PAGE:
OMG!!!!1!!!1111 You've lost, at most, 1.25 Gigs of stuff! And you almost certainly will know what is important on your save file. Just pull the stuff you care about off of it, create a new save file, and 'shred -u' the last one. Boom, virus gone, completely new OS, and you've lost, what, half an hour?

Now, I'm not saying this is a suitable system for fully automated servers. That's a completely different story. But for a single user system, from a recoverability perspective Puppy is hard to beat. Add the speed and usability that are both priorities of the excellent dev team and you've got a real winner of a system.
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Bruce B


Joined: 18 May 2005
Posts: 11130
Location: The Peoples Republic of California

PostPosted: Sun 26 Jun 2011, 14:31    Post subject:  

Who knows where the kernel even is?

I simply installed Puppy in typical Frugal install. I left the name as vmlinuz, but I could have renamed it.

Even on a typical Frugal install, it is hard to speculate the name of the directory the user made.

Also there is a way to make it unchangeable to the extent even root can't delete or modify it.

~

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nooby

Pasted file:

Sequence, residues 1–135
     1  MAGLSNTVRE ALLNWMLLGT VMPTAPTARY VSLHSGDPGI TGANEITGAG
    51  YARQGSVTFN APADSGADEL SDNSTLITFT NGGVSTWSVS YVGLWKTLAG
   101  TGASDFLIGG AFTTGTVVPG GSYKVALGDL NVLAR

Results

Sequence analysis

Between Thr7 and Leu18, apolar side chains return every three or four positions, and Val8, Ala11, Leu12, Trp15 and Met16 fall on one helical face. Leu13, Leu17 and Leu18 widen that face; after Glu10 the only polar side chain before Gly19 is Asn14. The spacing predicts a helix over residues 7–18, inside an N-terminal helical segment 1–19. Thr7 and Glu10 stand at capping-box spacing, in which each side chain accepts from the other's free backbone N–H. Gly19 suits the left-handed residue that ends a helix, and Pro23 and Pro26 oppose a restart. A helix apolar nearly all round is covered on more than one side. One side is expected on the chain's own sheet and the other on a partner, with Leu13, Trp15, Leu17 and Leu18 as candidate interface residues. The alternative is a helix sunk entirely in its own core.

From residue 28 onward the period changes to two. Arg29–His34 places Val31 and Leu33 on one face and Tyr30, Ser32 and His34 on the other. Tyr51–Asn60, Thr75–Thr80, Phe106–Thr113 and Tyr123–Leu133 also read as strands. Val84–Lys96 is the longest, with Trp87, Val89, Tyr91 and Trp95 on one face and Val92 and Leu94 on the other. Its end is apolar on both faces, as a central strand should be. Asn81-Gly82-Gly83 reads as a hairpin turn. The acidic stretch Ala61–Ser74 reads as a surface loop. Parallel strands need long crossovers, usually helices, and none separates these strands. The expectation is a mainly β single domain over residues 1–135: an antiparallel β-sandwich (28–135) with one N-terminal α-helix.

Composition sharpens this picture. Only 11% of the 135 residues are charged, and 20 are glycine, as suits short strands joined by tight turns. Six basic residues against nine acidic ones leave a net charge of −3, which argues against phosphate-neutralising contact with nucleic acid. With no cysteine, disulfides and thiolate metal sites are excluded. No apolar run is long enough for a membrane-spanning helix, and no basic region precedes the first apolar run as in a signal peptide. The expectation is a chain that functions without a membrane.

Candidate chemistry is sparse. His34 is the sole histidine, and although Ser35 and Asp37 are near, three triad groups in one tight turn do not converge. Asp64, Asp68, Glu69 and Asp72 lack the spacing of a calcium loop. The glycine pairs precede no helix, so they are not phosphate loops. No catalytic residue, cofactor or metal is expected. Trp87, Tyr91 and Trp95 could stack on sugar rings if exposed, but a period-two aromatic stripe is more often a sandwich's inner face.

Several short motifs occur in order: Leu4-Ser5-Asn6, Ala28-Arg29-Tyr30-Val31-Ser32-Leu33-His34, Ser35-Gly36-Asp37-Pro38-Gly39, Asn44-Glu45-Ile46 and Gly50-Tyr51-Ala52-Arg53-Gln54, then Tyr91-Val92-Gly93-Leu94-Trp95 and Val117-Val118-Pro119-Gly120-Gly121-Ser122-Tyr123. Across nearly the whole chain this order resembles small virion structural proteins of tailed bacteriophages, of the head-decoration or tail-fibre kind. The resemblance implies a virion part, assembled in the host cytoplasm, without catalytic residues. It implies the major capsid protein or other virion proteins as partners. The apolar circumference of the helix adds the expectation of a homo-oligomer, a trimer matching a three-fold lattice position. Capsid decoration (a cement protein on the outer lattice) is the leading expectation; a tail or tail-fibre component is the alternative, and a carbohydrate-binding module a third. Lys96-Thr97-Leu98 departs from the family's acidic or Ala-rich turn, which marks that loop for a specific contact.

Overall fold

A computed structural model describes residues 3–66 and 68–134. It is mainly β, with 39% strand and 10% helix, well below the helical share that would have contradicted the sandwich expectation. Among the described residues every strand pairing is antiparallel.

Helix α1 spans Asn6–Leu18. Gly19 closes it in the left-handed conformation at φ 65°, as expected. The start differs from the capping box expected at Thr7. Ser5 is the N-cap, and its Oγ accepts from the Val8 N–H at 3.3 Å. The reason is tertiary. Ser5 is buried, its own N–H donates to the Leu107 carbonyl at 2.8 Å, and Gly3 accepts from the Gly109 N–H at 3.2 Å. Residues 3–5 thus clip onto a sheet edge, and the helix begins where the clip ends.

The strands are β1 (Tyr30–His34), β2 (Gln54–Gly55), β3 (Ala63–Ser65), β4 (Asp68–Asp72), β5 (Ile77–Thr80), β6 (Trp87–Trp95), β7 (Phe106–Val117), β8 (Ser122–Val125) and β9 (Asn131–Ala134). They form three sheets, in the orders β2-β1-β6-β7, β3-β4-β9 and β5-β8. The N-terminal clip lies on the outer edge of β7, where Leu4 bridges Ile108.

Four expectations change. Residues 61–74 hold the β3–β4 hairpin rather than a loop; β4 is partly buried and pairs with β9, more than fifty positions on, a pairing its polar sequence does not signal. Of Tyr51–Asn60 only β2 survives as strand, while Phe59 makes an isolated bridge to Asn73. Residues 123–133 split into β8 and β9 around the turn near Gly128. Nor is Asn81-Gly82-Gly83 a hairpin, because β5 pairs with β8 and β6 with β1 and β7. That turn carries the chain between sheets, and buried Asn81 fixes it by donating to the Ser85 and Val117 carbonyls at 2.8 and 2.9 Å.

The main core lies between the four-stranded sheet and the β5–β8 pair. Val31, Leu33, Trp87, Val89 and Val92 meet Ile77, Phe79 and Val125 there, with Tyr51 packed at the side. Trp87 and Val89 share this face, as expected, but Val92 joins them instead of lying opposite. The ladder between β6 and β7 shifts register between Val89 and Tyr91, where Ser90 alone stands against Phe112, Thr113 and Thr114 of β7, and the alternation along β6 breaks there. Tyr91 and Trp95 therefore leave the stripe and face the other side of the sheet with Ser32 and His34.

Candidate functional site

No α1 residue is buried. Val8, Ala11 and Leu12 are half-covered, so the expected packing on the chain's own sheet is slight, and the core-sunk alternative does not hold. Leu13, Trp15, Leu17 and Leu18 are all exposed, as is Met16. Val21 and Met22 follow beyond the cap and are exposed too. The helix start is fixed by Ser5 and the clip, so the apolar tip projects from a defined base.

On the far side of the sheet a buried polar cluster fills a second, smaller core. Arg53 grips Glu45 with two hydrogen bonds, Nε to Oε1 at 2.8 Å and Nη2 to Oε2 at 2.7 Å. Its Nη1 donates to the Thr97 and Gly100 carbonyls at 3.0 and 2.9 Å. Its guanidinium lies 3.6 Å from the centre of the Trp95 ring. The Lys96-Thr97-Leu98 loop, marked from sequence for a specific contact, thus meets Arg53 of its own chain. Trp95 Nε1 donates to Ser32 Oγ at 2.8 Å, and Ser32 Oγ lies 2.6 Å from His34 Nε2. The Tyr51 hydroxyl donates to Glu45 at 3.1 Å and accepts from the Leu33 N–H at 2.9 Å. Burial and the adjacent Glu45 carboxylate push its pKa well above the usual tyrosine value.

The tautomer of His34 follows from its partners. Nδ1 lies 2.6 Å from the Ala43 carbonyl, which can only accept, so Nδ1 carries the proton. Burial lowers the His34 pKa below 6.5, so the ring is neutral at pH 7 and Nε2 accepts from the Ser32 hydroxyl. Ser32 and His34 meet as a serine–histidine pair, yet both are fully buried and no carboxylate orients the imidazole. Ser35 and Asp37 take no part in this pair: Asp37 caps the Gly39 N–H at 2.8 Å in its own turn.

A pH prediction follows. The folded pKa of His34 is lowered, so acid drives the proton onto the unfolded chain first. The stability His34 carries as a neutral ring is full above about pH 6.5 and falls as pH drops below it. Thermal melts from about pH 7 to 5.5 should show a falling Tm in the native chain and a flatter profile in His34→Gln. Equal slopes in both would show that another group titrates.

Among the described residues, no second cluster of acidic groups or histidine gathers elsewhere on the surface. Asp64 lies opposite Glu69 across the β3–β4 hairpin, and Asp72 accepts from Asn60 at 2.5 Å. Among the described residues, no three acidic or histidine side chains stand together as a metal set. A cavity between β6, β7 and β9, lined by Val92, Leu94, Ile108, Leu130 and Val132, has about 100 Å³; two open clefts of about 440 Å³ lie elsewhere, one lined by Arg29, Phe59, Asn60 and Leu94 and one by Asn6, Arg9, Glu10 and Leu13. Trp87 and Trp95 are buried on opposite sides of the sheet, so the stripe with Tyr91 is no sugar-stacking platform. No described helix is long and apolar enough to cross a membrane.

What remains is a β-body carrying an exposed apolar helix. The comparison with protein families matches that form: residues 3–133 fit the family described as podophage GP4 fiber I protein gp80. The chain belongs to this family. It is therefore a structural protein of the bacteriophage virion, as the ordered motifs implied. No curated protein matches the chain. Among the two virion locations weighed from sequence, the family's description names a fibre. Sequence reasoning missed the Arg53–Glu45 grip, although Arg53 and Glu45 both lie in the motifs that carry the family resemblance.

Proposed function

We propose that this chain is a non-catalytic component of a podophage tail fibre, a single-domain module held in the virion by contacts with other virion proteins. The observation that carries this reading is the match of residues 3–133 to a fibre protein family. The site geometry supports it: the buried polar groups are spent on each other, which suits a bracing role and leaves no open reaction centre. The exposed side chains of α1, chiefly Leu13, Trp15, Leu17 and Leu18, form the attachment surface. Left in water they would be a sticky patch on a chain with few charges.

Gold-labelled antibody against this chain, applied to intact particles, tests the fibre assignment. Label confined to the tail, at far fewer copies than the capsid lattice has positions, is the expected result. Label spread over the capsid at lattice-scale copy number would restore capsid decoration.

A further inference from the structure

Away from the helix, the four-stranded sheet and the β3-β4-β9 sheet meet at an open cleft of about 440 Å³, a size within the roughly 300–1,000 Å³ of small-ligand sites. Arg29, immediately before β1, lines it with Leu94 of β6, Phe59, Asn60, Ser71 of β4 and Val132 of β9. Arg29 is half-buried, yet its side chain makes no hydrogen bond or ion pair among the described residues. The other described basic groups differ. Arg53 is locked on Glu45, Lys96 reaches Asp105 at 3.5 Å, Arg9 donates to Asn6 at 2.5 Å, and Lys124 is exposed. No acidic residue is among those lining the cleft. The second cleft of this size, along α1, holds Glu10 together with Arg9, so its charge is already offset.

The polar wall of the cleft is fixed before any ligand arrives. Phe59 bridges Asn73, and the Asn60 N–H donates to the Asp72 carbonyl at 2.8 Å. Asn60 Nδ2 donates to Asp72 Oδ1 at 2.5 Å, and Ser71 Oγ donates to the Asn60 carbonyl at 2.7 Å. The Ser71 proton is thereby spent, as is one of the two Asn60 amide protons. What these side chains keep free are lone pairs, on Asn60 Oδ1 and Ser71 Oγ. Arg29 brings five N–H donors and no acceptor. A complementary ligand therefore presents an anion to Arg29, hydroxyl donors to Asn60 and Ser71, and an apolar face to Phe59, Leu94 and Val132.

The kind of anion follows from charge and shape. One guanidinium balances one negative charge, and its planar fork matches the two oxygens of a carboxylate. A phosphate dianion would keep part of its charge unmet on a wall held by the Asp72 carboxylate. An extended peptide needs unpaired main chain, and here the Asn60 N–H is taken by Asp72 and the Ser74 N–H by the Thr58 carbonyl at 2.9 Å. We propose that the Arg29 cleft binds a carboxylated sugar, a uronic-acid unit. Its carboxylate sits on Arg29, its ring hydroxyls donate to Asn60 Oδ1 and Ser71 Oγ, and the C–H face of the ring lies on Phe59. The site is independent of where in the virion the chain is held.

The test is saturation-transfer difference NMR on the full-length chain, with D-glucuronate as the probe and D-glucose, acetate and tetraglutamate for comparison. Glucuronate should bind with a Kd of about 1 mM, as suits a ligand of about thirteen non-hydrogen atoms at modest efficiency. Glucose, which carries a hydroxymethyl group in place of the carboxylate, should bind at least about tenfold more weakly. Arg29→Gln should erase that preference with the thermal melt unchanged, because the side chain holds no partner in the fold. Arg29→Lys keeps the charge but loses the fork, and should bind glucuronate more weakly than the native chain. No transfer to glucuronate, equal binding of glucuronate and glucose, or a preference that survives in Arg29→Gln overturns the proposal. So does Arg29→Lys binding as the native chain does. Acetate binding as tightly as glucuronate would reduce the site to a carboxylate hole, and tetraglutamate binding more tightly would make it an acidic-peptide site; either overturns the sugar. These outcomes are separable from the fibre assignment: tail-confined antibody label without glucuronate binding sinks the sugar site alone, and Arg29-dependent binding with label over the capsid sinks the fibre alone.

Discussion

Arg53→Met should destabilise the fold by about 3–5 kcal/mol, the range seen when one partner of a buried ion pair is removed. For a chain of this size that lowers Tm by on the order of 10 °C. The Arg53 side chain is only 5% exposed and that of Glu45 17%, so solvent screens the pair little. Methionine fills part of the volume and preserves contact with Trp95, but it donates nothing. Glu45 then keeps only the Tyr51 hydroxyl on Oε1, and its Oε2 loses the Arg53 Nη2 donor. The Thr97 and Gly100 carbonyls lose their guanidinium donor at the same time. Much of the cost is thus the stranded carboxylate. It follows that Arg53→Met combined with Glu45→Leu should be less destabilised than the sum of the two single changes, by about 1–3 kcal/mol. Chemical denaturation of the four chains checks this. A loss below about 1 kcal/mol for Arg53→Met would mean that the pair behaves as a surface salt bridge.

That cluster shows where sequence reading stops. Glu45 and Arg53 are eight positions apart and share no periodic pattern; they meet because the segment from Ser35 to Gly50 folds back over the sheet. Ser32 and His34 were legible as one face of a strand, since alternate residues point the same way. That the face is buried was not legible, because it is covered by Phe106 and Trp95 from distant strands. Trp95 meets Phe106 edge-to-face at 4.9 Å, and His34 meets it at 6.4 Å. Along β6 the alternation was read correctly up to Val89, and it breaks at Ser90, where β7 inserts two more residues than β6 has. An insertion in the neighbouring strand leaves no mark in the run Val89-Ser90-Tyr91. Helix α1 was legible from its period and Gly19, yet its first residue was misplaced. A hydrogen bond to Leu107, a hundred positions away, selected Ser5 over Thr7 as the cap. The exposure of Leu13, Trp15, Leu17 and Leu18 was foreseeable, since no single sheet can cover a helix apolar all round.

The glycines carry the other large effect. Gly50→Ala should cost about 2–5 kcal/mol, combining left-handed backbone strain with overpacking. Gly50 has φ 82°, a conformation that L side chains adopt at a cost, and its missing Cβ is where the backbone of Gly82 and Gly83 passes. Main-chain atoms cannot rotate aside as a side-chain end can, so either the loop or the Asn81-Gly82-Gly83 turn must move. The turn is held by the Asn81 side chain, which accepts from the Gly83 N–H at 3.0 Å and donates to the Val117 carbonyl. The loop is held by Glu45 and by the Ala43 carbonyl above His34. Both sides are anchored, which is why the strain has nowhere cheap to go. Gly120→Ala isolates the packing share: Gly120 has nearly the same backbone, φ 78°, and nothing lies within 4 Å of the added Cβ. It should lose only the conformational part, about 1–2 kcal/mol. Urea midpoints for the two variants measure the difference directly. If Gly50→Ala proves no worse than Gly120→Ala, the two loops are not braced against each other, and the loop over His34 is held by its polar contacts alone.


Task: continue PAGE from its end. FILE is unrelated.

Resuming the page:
Joined: 29 Jun 2008
Posts: 10557
Location: SwedenEurope

PostPosted: Sun 26 Jun 2011, 17:47    Post subject:  

Crazy idea.

What if one rename the needed lupu525.sfs to a password?
And the dir to another password. That way the criminals would have no way to get where them are? Unless whoami reveals such maybe?

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Sky Aisling


Joined: 27 Jun 2009
Posts: 909
Location: Port Townsend, WA. USA

PostPosted: Sun 26 Jun 2011, 19:18    Post subject:  

nooby Writes:

Quote:
What if one rename the needed lupu525.sfs to a password?
And the dir to another password. That way the criminals would have no way to get where them are?


Good Thinking, nooby.
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Sky Aisling


Joined: 27 Jun 2009
Posts: 909
Location: Port Townsend, WA. USA

PostPosted: Sun 26 Jun 2011, 20:03    Post subject:  

In the context of this discussion...

Is a Frugal Install 'safer' than a Full Install?
If so, why?

I, like The Fly Roper, prefer using a Live CD, however, there are times that installation to HDD is preferred.
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The Fly Roper


Joined: 20 Apr 2011
Posts: 4

PostPosted: Mon 27 Jun 2011, 09:17    Post subject:  

well, on a frugal install you could make a hash using the sha*sum programs (sha1sum, sha256sum, sha512sum), store that in a secure, offline location, and calculate the sum again on bootup. In fact, that wouldn't be a tough feature to add to puppy in general. If those sums work out, you can be absolutely certain that the files you're running against have not been modified. You might want to do many rounds, though. Like 5000 or so.